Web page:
Spaying and neutering your pet is not only good for their overall health, but it also helps control the pet homelessness crisis. According to the ASPCA, “Millions of healthy dogs and cats are euthanized in the United States each year simply because there aren’t enough homes to go around.” Read below to learn the importance of spaying/neutering your pet.
Female Pets: prevents uterine infections and decreases the chance of breast tumors, malign or cancerous.
Male Pets: prevents testicular cancer and prostate problems.
Female Pets: prevents from going into heat, during which female pets howl and urinate frequently, usually all over their home.
Male Pets: curbs male pets’ instinct to find a mate, which can result in trying to escape their home and potentially putting them in harm’s way. Male pets who are neutered are also less likely to mark their territory at home and mount people or other dogs.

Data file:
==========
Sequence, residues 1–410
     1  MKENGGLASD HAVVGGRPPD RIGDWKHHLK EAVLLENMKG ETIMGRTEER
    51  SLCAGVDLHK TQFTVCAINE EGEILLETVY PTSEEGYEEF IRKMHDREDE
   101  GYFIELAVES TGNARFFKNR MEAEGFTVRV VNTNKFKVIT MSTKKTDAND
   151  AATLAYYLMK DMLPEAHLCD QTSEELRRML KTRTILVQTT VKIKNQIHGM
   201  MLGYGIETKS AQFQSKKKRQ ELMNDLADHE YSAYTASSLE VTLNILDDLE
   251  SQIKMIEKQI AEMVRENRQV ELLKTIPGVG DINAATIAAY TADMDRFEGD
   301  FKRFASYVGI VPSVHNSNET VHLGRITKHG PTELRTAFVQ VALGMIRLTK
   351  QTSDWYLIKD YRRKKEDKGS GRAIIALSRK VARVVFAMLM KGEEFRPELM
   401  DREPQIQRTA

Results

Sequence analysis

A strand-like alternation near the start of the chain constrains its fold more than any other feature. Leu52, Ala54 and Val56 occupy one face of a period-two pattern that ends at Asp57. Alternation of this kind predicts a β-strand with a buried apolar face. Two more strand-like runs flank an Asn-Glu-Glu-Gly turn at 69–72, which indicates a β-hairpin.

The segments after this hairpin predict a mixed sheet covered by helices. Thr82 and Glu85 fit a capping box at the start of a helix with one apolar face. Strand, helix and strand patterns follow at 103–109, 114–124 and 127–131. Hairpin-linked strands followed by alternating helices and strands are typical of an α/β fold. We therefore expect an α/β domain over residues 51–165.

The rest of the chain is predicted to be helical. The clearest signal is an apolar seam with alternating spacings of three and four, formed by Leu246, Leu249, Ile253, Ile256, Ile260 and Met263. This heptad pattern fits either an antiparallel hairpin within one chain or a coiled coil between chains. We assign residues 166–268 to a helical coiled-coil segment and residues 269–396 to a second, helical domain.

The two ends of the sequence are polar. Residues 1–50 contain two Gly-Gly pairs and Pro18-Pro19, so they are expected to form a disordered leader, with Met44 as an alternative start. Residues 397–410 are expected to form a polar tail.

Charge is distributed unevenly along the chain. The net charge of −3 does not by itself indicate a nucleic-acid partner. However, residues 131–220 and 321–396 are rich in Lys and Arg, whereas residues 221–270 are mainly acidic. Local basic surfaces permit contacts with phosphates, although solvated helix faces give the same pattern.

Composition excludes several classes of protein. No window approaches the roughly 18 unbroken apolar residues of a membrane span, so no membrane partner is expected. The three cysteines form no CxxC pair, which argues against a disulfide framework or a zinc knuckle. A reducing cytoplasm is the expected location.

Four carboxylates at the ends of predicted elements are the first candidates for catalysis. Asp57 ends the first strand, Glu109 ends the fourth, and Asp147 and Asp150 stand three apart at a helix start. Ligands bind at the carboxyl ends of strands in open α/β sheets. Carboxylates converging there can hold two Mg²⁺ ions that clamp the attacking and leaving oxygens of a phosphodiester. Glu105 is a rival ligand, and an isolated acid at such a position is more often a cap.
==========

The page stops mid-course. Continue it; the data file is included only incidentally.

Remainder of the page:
- Spaying/neutering will cause your pet to become overweight: False, lack of exercise and overfeeding causes obesity in pets, not neutering.
- Neutering will eliminate all behavioral issues: False, neutering helps reduce the level of testosterone which can cause behavioral issues, but does not completely eliminate it. Every animal has their own personality and behavior.
When To Spay Or Neuter Your Pet
Six to nine-months-old is the standard window for having your dog spayed or neutered, but puppies as young as 8-weeks-old can be neutered if they are healthy enough. Adult dogs can be neutered as well, although there is a higher chance of post-surgery complications for older dogs, overweight dogs, and dogs with health issues.
- Give your pet time and space to rest while they recover. Prevent them from running and playing normally for up to two weeks following surgery, or as long as your vet recommends.
- Use an e-collar to prevent your pet from licking their incision site, which may cause an infection.
- No baths for at least ten days after surgery.
- Perform daily checks of the incision site to ensure proper healing.